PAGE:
Wednesday, April 20, 2016

If You Have Kids: Be Gentle

Say you are person A. You have two kids. You are having a tough day, because let's face it, kids can be EXHAUSTING. You are tired and frustrated and at your wit's end. You call up your friend, Person B, who has four kids, and you tell them about it. And B says to you,

"You think you're tired? You don't even know what tired IS. Try having FOUR kids. When you have FOUR kids, you'll wish for the days with two kids! Two kids is a piece of cake!"

I think we can all agree that would kind of stink, right? First, it completely invalidates A's feelings and brings the attention to B. Second, A might never have four kids! Which means that their exhaustion or frustration will never seem paramount, or even legitimate, to B. A's feelings and experiences don't count. Ouch, right?

That's what it feels like when I mention that I'm tired or frustrated, and someone with kids says, "Just wait until you have kids! You don't even know what tired IS!"

It hurts. It says that my life isn't valid without kids, and my feelings aren't real. I know that's not actually what anyone means to say. But the message is loud and clear. Sometimes people say..."You don't know what LOVE is until you have children". Telling me that my love for my husband and partner and family is meaningless. Ouch.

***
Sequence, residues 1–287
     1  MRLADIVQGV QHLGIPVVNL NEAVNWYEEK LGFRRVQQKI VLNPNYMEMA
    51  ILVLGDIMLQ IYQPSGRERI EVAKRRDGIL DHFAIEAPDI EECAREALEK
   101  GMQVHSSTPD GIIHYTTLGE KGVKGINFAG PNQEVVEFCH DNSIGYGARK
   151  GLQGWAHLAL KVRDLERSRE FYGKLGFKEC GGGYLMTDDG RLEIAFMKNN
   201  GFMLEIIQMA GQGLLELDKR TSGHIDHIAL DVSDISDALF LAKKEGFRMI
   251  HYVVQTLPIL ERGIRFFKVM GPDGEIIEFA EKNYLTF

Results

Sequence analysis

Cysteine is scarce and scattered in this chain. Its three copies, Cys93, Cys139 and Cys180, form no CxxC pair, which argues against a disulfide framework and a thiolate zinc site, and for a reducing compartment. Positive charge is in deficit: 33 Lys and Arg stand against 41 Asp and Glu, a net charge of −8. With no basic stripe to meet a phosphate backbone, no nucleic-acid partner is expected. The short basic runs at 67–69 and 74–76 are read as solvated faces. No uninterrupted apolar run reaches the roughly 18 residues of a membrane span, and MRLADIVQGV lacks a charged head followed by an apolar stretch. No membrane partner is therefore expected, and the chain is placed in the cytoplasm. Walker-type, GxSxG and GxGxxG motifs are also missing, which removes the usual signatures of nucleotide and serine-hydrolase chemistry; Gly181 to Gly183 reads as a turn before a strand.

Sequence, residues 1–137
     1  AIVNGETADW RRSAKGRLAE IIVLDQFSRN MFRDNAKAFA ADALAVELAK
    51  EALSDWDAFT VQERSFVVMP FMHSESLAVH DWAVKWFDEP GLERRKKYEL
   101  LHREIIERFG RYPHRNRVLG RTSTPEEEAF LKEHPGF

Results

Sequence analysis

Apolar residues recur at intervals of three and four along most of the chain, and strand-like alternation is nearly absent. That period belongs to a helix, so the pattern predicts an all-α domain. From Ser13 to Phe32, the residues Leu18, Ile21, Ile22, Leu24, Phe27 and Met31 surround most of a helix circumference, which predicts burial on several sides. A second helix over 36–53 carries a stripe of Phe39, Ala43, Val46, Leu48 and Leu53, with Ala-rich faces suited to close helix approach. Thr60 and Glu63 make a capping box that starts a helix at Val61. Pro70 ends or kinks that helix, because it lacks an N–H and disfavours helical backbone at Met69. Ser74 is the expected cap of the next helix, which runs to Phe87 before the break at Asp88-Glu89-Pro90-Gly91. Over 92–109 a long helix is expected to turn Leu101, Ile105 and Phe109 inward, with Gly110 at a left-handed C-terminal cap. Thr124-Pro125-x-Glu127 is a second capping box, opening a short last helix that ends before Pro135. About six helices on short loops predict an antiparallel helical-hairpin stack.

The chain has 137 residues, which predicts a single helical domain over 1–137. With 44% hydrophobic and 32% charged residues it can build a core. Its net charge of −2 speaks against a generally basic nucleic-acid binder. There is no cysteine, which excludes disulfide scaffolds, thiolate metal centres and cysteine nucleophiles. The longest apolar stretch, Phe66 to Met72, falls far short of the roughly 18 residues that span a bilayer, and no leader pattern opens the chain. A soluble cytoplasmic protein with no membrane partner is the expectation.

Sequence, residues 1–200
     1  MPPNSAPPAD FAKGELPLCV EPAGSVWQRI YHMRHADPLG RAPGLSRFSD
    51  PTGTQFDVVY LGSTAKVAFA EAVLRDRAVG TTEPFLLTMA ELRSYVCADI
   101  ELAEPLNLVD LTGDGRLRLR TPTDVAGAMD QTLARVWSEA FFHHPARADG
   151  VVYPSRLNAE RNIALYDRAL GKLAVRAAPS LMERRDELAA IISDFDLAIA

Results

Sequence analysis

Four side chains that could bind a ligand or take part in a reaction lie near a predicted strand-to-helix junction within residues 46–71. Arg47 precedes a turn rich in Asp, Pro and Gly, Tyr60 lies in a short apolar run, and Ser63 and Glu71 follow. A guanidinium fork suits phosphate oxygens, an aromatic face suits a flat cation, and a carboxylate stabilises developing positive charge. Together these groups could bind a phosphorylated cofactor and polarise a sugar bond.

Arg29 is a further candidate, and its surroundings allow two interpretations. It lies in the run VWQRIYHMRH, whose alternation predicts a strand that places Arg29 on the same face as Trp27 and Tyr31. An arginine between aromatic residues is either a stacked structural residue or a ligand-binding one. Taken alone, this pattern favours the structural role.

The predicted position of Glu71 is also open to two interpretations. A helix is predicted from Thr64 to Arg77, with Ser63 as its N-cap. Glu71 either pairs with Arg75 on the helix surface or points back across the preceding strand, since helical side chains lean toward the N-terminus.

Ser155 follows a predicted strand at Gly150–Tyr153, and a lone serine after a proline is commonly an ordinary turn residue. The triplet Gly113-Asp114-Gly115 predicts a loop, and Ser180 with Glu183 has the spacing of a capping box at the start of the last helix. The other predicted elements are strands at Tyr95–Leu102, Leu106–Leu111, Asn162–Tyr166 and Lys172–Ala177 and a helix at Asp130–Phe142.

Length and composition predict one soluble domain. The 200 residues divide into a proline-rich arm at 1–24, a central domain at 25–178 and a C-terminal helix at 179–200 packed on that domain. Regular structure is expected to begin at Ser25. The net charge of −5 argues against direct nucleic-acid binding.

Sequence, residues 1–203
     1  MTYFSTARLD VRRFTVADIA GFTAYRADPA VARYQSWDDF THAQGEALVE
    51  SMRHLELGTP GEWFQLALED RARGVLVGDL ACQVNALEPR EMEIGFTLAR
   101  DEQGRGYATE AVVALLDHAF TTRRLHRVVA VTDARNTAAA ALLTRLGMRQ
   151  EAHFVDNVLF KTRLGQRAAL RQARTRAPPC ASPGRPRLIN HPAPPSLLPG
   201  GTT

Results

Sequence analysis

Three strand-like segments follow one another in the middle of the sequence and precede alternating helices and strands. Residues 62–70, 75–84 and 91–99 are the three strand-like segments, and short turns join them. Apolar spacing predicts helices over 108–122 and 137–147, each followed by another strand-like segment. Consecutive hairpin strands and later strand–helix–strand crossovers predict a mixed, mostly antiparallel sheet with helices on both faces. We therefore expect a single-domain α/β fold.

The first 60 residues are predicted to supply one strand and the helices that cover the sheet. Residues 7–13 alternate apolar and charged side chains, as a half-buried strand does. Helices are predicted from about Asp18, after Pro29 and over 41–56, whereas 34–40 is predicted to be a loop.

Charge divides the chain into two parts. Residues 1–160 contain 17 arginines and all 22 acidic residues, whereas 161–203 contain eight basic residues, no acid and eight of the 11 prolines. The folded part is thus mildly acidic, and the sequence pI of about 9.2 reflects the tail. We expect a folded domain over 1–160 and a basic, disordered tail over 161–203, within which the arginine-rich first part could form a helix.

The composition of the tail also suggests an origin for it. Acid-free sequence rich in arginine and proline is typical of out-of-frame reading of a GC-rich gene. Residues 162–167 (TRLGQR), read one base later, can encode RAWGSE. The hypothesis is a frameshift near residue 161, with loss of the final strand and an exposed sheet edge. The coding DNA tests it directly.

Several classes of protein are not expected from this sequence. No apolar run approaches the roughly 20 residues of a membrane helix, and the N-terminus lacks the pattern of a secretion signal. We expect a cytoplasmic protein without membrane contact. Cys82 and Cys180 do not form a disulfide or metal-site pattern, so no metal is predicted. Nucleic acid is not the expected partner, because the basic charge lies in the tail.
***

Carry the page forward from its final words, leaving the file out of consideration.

The fact is, some of it's probably true. I don't know what being a parent is like. I can only glimpse into others' lives and get a shadow of an idea. But in the same way, others don't know what my life is like - what it's like to have my job and my body and my experiences. We don't have to delegitimize others' feelings to make our own feelings count. I would never dream of saying to a Stay-At-Home Parent, "You think you're tired? You only have two kids at home! I had to supervise an entire office of people and run a festival today! You don't even know what tired IS!" That would be incredibly insulting and insensitive, and I hope if I ever say anything like that I get punched in the face.

One day I might have kids, and if that day comes, I will probably feel a level of exhaustion and love that I've never felt before, and maybe I will dream of the days I have now. And perhaps a friend without kids will say to me, "You won't believe the day I've had. I'm SO TIRED". And while I might think those things, that they don't know what tired is, that they have no idea what exhaustion means, I hope that I will have the thought and then put it away in the back of my brain and say, "Tell me about it".